Since the fall has started and the daylight saving time has ended, we all notice how dark early mornings and evenings now are. A lot of children are afraid of the dark, and this time of the year may exacerbate their fears. What gives this fear that usually starts at the age of two or three? The reason is in the developing child’s brain that is becoming more imaginative but still unable to distinguish between reality and fantasy. The fear of the dark usually disappears by the age of seven, but before this happens, there are things you can do to help your child cope.
Even though the monsters that your child is afraid of are not real, the fear is. The most important thing to do is to let your child know that you acknowledge his fear and that having the fear is normal. You can explain that when you were a child, you were afraid of the dark too. Do not say things like, ‘That’s silly’ or ‘A big girl like you shouldn’t be afraid of monsters’. That could prevent your child from sharing his fears with you and feel ashamed of what is natural for their age. Do not have a pretend talk with the ‘monsters’ telling them to leave either, as this will feed the child’s imagination and confirm his belief in the reality of the creatures.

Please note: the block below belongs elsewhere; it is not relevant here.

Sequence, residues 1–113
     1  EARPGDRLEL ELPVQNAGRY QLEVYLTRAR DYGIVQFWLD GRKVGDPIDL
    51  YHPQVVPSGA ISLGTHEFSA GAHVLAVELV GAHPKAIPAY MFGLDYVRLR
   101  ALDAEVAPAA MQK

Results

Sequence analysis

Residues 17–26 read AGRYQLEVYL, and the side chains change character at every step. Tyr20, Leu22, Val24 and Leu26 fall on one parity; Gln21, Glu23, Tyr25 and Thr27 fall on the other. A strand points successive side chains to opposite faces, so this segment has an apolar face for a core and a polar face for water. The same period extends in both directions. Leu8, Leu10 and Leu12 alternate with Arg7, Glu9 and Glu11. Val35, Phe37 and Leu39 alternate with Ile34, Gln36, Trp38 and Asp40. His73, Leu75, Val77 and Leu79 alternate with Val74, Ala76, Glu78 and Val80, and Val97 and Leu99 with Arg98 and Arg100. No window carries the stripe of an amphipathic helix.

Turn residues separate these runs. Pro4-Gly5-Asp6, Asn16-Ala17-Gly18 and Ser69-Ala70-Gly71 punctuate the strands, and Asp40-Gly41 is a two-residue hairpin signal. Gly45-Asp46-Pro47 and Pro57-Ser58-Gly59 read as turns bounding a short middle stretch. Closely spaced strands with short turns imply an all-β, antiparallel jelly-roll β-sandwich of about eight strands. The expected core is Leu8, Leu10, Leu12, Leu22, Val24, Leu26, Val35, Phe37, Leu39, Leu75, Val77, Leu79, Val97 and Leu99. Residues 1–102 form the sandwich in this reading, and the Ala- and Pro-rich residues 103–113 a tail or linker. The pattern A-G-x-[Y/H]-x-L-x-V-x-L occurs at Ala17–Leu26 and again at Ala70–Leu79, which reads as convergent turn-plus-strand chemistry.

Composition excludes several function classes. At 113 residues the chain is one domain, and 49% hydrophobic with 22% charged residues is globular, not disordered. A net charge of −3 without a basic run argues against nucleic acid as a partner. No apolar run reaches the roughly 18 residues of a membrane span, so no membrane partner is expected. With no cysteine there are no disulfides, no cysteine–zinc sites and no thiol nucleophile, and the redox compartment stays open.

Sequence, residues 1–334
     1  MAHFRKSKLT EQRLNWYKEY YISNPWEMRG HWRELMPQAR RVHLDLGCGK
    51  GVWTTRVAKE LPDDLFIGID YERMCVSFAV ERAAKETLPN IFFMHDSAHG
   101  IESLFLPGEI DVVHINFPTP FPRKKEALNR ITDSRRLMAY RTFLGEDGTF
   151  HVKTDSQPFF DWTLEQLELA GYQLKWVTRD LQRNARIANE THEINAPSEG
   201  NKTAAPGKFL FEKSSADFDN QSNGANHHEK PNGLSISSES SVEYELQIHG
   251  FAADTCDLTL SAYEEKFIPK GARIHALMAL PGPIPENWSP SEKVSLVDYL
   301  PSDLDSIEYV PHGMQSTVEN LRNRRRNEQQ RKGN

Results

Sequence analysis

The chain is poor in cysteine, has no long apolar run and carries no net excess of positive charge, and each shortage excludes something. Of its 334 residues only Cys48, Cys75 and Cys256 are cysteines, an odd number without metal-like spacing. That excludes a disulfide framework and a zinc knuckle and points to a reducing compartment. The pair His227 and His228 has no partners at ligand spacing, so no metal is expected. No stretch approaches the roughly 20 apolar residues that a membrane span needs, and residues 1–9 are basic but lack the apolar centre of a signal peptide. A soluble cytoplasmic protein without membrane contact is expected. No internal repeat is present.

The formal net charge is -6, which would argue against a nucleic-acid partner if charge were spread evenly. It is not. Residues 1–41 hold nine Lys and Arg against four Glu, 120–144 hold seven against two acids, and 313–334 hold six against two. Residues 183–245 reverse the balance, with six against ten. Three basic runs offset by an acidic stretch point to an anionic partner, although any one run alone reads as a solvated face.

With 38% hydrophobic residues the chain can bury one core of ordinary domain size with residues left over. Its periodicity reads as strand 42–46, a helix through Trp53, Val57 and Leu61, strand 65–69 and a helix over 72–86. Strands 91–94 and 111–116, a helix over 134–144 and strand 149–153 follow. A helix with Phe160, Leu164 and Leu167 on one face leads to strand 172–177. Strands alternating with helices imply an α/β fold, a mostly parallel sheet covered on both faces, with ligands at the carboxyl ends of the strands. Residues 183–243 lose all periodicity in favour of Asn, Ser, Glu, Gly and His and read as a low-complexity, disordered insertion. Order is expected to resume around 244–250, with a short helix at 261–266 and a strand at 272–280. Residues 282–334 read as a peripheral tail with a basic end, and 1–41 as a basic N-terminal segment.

Most fears come out from something scary a child had seen on TV or heard from books. If you read bedtime stories, make sure they are calm and happy in nature. You can also share some memories from your childhood or talk about the passed day when your child is going to bed. You can offer to lie down with him for a little bit, but do not make it into a habit to have your child fall asleep in your presence. For the same reason, do not invite your child to sleep with you when he is going through this stage. You can offer to come back and check on him in some time or have a night-light on if that would make him feel safer.
The most important message you want to give to your child is that he is safe in the house with you, and that any fears he might have will be gone in some time as he grows older.